Culture change is the media industry’s biggest challenge

Kreisky pointed out how magazines audiences are still growing, powered by both digital and mobile with the latter now delivering 25 per cent of its audience.

“Publishing is no longer a declining industry,” he proclaimed. “It is one that is vibrant and alive.”

He then explored in more detail how the shift to digital has impacted on both the business model of media companies, but also crucially the changes in their culture.

He ran through a series of ways that publishing has changed, starting with the way that monetisation has moved from being focused on newsstand fees and subscriptions, to one that encompasses a wide range of models which are in a constant state of flux. He mentioned paid content, paywalls, memberships and subscriptions. 

Kreisky also said that advertising has fundamentally changed with a whole host of solutions, from native through to programmatic, emerging in tandem with opportunities for publishers in exploiting data.

“Magazine brands have delivered trusted, dynamic communities capable of delivering high levels of engagement for audience and advertisers,” argued Peter. “The new businesses are powerful and positive and have unrivalled access to content at the source, as well as unmatched skills in storytelling and creativity.”

“Companies have moved from magazine publishers to magazine media, all without a silver bullet,” he added. “There are new models, new platforms, new content models, new marketing skills, new ad formats and new content formats. Most of which did not exist five years ago.”

He then described that the key way that media companies are engineering this digital transformation is to embrace cultural transformation – from top to bottom. In other words, changing the way that people work, and the very nature of the command and control structure into one that has shared responsibility.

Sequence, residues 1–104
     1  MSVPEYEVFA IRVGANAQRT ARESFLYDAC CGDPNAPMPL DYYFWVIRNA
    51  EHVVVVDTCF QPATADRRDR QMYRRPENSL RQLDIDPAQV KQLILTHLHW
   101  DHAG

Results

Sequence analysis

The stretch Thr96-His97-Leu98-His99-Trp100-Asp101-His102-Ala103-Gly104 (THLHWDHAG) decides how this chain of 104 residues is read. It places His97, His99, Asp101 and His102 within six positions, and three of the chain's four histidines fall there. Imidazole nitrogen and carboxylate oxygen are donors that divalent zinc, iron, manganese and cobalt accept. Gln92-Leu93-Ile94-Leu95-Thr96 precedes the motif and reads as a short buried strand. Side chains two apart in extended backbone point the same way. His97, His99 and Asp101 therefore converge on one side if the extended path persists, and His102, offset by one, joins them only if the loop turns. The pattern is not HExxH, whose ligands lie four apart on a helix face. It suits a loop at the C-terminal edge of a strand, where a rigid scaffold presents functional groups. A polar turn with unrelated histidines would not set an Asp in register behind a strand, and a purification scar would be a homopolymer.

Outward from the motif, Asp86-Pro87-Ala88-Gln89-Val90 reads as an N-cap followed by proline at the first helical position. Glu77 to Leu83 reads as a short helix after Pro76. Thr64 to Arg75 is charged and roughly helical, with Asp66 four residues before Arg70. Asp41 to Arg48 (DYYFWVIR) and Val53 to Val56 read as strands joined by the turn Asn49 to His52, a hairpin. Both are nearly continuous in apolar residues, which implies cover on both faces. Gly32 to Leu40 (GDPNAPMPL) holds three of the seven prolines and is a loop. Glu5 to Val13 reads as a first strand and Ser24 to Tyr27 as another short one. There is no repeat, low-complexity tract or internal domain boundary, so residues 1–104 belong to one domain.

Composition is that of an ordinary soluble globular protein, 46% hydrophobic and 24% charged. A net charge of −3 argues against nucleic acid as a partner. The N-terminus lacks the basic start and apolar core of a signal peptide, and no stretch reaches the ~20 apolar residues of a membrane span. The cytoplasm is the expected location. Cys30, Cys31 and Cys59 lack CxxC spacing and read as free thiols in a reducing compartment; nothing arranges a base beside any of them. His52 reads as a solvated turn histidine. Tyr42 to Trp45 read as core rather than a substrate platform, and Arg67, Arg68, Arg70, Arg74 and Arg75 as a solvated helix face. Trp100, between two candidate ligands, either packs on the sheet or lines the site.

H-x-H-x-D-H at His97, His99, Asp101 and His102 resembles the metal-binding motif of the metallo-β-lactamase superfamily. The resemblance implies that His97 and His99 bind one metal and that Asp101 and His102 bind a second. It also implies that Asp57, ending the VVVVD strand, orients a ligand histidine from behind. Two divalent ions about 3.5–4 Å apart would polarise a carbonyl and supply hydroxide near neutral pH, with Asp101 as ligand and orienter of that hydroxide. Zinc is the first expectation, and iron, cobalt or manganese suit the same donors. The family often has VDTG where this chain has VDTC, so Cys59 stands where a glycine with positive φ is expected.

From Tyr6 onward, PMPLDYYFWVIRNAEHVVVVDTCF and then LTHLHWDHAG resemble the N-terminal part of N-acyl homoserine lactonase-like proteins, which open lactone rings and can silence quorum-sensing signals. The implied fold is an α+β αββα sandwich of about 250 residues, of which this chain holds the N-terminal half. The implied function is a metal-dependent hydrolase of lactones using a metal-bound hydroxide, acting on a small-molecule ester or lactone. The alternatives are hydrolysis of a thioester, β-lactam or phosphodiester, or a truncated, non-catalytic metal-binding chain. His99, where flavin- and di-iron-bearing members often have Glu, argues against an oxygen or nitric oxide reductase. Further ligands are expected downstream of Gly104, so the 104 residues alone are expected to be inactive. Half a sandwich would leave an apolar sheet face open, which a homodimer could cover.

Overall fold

“Culture change is the big challenge,” Kreisky said – “but how is it changing?” He then described how he interviewed 16 CEOs of media companies in seven countries and what he learned from those conversations.

He argued that the key point was that companies had learned to bring the audience inside. He then explained the centrality of smartphones showing research that highlighted how 80 per cent of millennials reach for their smartphone when they wake up. Also how Facebookers spend 50 minutes a day on the platform as opposed to just 19 minutes reading. 

According to Kreisky, this then created an imperative to find new digital creators who are raised with digital.

He then showed a video which highlighted how Time Inc. has created the Media Upstarts programme which has enabled 700 people in its organisation (mainly millennials) to engage in a conversation with senior execs.

He also spoke about how Axel Springer engineered cultural change in its company by taking its key execs to Silicon Valley to meet incubators investors and new companies. It however made the execs take economy flights, stay in a three star hotel and even share rooms and beds in order to experience life as their millennial readers live it. 

To illustrate how the cultural change was impacting on the structure of companies Kreisky displayed an organisation chart from Wired magazine which showed the publisher/editor at the very centre – a world away from the siloed approach of yesteryear. 

Cultural change can also be effected by upgrading office structure too. Kreisky described how Time Inc. has torn down the division between church and state and moved into a wall-free working environment. He believes that this has helped in driving change from bottom as well as bottom down.

Finally, Kreisky talked about the importance of talent. He quoted Natasha Christie Miller, CEO of Plexus, who said that key attributes for her company’s new staff are that they are curious, ambitious, great communicators and have personal integrity.

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